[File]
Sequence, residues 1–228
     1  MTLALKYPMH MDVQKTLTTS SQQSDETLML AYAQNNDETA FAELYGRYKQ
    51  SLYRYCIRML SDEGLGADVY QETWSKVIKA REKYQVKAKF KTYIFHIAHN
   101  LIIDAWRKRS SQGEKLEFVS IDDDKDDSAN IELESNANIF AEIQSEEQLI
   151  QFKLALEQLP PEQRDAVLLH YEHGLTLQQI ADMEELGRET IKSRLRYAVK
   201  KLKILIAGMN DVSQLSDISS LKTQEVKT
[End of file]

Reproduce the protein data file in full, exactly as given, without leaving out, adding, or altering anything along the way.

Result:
Sequence, residues 1–228
     1  MTLALKYPMH MDVQKTLTTS SQQSDETLML AYAQNNDETA FAELYGRYKQ
    51  SLYRYCIRML SDEGLGADVY QETWSKVIKA REKYQVKAKF KTYIFHIAHN
   101  LIIDAWRKRS SQGEKLEFVS IDDDKDDSAN IELESNANIF AEIQSEEQLI
   151  QFKLALEQLP PEQRDAVLLH YEHGLTLQQI ADMEELGRET IKSRLRYAVK
   201  KLKILIAGMN DVSQLSDISS LKTQEVKT